Saul Levmore, "Carrots and Sticks in Law (and Life)"

One of the great Chicago Ideas is the equivalence of positive and negative incentives. The government can motivate you by rewarding some behavior or by penalizing your failure to behave in the preferred manner. Private parties rarely have the authority to hit you with sticks, so they must usually begin with carrots, or positive inducements, unless law offers torts or other negative inducements in the background. But things quickly get more complicated. Rewards might draw people to an...


Jim Zirin & William Baude, "The Post-Election Future of the Supreme Court after Scalia"

Jim Zirin graduated from Princeton University with honors and received his law degree from the University of Michigan Law School where he was an editor of the Michigan Law Review and a member of the Order of the Coif. For three years, he was an Assistant United States Attorney for the Southern District of New York and served in the criminal division under Robert M. Morgenthau. William Baude is Neubauer Family Assistant Professor of Law at the University of Chicago Law School, where he...


Michael McConnell, "Religion and Law: Is There a Connection?"

With commentary by Professor William Hubbard. Michael W. McConnell is the Richard and Frances Mallery Professor and director of the Constitutional Law Center at Stanford Law School, as well as Senior Fellow at the Hoover Institution. He is a leading authority on freedom of speech and religion, the relation of individual rights to government structure, originalism, and various other aspects of constitutional history and constitutional law. He is author of numerous articles and co-author of...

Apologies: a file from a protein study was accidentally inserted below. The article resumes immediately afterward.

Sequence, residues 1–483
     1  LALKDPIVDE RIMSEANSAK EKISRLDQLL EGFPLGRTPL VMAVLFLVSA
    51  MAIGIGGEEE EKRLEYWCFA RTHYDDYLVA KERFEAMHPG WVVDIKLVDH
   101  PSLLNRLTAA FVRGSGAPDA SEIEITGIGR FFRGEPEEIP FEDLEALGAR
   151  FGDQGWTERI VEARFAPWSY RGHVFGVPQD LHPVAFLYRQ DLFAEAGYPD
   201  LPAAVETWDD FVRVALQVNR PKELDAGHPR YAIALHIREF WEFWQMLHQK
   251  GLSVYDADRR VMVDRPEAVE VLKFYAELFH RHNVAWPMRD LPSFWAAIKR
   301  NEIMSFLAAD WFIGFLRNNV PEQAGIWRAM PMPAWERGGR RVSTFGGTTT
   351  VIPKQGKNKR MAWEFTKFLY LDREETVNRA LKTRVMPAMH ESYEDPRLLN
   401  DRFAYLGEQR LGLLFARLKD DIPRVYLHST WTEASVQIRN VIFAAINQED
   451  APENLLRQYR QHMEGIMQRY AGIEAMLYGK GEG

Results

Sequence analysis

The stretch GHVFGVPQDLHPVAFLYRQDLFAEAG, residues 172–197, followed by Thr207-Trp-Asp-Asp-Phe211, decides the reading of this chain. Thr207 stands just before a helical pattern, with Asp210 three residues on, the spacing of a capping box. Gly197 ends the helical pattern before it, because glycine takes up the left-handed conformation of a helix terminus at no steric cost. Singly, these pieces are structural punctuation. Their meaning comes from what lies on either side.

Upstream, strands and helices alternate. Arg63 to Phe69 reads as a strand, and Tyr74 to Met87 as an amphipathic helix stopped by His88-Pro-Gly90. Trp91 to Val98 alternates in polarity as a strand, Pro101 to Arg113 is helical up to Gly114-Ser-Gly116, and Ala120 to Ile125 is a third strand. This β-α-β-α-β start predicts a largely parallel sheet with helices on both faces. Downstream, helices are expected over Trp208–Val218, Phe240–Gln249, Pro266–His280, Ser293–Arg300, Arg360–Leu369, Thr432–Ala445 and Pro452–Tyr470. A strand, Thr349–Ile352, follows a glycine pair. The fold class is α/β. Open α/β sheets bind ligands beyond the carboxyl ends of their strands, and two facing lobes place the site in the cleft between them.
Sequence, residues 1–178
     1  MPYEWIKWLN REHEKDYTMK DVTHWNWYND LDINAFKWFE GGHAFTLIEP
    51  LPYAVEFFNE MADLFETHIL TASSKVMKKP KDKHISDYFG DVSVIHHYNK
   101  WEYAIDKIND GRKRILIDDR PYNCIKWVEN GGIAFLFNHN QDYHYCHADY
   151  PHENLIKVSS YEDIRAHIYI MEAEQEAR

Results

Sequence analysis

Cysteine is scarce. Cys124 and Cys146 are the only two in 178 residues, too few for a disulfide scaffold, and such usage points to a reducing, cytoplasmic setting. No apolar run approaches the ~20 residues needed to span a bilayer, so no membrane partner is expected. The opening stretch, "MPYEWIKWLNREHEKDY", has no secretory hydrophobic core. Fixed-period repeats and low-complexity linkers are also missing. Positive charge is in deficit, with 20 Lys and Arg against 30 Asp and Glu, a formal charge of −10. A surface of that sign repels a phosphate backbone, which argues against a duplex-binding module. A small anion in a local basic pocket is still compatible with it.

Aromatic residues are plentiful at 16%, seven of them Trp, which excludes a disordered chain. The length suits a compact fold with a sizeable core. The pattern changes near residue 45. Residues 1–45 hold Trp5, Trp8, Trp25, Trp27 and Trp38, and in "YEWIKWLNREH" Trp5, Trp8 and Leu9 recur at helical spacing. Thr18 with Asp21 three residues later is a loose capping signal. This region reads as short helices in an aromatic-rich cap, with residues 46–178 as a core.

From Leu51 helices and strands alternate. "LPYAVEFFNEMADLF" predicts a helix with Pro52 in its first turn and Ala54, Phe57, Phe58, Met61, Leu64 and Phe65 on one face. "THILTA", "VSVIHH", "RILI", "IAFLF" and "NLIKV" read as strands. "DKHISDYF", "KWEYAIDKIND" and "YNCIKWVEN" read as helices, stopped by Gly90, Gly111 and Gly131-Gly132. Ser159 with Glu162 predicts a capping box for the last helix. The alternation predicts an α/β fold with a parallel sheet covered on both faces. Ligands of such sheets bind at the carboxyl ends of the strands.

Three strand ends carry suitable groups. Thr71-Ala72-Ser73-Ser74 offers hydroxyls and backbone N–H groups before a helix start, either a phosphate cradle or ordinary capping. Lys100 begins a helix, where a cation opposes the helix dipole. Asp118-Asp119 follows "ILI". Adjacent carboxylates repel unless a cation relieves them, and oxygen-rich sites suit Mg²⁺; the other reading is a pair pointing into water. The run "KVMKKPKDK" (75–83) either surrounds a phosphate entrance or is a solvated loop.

October Term 2016: Highlights & Perspectives

In this First Monday event, Law School faculty discuss their insight and opinions on upcoming United States Supreme Court cases and the issues currently facing the Court. Featuring: Anthony J. Casey, '02, Professor of Law and Mark Claster Mamolen Teaching Scholar Nicholas Stephanopoulos, Assistant Professor of Law David Strauss, the Gerald Ratner Distinguished Service Professor of Law. Moderated by Sarah M. Konsky, Assistant Clinical Professor of Law and Director of the Jenner & Block...


John Tasioulas, "Minimum Core Obligations: Human Rights in the Here and Now"